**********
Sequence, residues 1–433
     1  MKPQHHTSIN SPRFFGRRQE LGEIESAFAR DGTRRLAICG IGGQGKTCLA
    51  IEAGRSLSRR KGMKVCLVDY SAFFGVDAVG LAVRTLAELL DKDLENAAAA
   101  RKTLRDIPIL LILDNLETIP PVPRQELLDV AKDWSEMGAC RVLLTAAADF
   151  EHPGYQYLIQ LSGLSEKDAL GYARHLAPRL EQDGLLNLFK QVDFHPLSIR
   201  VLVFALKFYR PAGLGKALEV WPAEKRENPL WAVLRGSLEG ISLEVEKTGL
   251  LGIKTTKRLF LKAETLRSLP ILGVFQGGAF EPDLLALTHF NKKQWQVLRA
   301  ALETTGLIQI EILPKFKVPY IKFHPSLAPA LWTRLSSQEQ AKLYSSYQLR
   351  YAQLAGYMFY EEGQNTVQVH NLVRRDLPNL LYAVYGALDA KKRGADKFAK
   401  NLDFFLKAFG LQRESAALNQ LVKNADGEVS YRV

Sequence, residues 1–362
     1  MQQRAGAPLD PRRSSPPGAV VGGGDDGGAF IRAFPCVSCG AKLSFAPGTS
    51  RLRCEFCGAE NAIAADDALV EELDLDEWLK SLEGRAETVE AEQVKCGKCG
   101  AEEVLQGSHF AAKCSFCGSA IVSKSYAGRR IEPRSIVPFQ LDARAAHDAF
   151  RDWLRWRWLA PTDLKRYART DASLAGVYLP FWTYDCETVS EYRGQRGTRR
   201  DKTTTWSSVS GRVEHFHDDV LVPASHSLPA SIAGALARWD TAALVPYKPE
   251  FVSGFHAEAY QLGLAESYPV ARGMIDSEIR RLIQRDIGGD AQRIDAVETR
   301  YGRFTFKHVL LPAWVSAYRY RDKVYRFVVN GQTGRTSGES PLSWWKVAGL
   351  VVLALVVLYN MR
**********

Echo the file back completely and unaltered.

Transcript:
Sequence, residues 1–433
     1  MKPQHHTSIN SPRFFGRRQE LGEIESAFAR DGTRRLAICG IGGQGKTCLA
    51  IEAGRSLSRR KGMKVCLVDY SAFFGVDAVG LAVRTLAELL DKDLENAAAA
   101  RKTLRDIPIL LILDNLETIP PVPRQELLDV AKDWSEMGAC RVLLTAAADF
   151  EHPGYQYLIQ LSGLSEKDAL GYARHLAPRL EQDGLLNLFK QVDFHPLSIR
   201  VLVFALKFYR PAGLGKALEV WPAEKRENPL WAVLRGSLEG ISLEVEKTGL
   251  LGIKTTKRLF LKAETLRSLP ILGVFQGGAF EPDLLALTHF NKKQWQVLRA
   301  ALETTGLIQI EILPKFKVPY IKFHPSLAPA LWTRLSSQEQ AKLYSSYQLR
   351  YAQLAGYMFY EEGQNTVQVH NLVRRDLPNL LYAVYGALDA KKRGADKFAK
   401  NLDFFLKAFG LQRESAALNQ LVKNADGEVS YRV

Sequence, residues 1–362
     1  MQQRAGAPLD PRRSSPPGAV VGGGDDGGAF IRAFPCVSCG AKLSFAPGTS
    51  RLRCEFCGAE NAIAADDALV EELDLDEWLK SLEGRAETVE AEQVKCGKCG
   101  AEEVLQGSHF AAKCSFCGSA IVSKSYAGRR IEPRSIVPFQ LDARAAHDAF
   151  RDWLRWRWLA PTDLKRYART DASLAGVYLP FWTYDCETVS EYRGQRGTRR
   201  DKTTTWSSVS GRVEHFHDDV LVPASHSLPA SIAGALARWD TAALVPYKPE
   251  FVSGFHAEAY QLGLAESYPV ARGMIDSEIR RLIQRDIGGD AQRIDAVETR
   301  YGRFTFKHVL LPAWVSAYRY RDKVYRFVVN GQTGRTSGES PLSWWKVAGL
   351  VVLALVVLYN MR